Do you want to become a productivity powerhouse?
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MARCH 2017
Presidential Productivity
Spring bloomed on March 20 this year, and with that came the time to prepare for the busy summer months when days are long and to-do lists are longer. But how do you ensure that you actually complete the things on your list? Think like a president, that’s how.
Dwight D. Eisenhower, 34th President of the United States, was a personal productivity powerhouse. He got more done in his 78 years than most could in three lifetimes. Pre-president, he was a five-star general in the U.S. Army, planned and executed invasions of North Africa, France, and Germany, and served as President of Columbia University. During his tenure as leader of the free world, he launched some of our most important government programs — The Interstate Highway System, the internet (DARPA), and NASA, to name a few. And he still made time for golfing and oil painting.

It’s easy to question how he got all of this done without consuming all of his fuel and exploding like a giant star, but after studying his approach, his success makes perfect sense. He had a clever way to organize his tasks, now called the Eisenhower Method, into a matrix that might be called a Punnett square of productivity. With it, he was able to determine which tasks to act on, plan, assign and eliminate.
Set Your Priorities
You may be thinking, “so what?” What does the time management system of a dead president have to do with an owner of a small business or a leader of a small team? If you apply Eisenhower’s method to how you run your business or team, you, too, can become a productivity powerhouse. Here's how it works.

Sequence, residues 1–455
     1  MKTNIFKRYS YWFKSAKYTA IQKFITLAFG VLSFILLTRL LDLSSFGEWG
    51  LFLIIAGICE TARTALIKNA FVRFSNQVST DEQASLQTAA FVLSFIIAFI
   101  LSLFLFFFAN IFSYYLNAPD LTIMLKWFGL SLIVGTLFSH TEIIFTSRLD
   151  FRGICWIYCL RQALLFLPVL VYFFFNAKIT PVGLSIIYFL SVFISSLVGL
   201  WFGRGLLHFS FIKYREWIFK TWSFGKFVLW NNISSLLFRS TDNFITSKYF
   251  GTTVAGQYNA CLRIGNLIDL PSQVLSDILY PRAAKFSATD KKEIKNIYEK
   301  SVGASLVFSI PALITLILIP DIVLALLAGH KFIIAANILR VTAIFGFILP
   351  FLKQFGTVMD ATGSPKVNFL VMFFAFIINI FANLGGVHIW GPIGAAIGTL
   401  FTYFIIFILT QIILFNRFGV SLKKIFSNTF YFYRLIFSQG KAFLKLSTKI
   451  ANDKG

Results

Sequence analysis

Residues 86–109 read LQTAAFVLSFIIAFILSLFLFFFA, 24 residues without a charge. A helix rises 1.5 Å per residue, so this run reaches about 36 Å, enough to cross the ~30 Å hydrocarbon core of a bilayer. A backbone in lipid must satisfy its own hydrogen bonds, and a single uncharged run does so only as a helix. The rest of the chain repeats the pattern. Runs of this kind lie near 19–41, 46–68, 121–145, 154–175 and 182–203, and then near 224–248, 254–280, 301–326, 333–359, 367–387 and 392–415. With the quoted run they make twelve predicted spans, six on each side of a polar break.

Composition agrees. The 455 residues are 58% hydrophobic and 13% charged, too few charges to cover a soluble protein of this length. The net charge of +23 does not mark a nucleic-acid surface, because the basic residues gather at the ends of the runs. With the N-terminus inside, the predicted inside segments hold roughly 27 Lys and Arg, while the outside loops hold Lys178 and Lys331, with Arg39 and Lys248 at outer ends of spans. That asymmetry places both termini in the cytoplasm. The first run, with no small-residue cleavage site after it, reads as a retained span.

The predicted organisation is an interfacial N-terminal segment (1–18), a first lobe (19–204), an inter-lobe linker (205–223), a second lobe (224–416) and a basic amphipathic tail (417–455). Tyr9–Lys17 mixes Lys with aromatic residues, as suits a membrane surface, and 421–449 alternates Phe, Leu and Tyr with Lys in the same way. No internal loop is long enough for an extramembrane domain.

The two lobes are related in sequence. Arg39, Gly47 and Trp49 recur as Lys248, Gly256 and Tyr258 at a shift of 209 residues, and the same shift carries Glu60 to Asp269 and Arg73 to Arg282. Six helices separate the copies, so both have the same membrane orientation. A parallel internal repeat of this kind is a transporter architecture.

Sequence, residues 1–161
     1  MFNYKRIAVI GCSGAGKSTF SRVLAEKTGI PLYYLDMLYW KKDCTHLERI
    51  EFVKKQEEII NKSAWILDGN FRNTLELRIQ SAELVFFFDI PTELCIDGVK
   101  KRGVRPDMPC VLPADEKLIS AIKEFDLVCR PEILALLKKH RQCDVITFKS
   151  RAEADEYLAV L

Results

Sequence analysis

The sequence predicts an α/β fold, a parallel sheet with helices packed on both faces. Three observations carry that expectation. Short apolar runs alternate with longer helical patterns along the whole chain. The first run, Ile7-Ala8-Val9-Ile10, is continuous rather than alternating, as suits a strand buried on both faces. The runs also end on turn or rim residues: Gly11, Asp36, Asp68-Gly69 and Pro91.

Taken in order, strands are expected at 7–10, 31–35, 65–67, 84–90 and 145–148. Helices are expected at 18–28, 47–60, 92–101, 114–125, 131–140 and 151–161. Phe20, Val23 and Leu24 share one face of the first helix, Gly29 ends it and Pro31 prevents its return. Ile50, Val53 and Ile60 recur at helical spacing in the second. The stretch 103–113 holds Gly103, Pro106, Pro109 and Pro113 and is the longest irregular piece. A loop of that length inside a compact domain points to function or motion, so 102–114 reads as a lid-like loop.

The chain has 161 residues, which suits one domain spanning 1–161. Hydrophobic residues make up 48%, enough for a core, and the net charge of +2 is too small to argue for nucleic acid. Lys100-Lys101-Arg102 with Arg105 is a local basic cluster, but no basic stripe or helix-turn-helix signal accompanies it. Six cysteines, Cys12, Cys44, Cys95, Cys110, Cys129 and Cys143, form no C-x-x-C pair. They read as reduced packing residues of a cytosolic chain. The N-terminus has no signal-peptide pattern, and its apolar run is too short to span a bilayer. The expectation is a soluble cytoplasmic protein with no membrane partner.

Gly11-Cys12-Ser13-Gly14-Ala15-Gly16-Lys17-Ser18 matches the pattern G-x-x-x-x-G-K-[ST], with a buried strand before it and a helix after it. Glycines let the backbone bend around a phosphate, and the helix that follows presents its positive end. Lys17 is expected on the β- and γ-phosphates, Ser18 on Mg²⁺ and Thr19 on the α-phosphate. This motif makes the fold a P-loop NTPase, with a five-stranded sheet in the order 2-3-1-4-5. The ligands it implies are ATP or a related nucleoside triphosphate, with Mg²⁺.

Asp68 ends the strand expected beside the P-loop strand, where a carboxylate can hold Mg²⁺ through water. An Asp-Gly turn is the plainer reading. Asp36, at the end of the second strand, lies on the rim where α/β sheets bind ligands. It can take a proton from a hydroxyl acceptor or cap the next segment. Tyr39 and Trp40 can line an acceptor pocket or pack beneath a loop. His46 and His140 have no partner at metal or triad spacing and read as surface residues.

• First, consider Urgent and Important matters. These tasks come in fast and need to go out fast, so act quickly, but if you spend too much time dealing with them, you’ll crash and burn.
  • Urgent and Not Important? Assign these time-sucking activities to other parts of your team and save your own time for more pressing matters.
  • Not Important and Not Urgent? Eliminate these tasks completely. There’s no point in chasing activities that won’t benefit you or your company either now or later.

Think Long and Hard
Be sure to carve out time—regular, planned, recurring time—to dedicate yourself to Important and Not Urgent activities. You may be tempted to keep putting these off because there’s no instant return on investment, but these are the activities, such as strategic planning and continuous improvement, that will drive your business forward. Plan a time to complete these tasks and stick to it. Your business will thank you in the long run.
Read More
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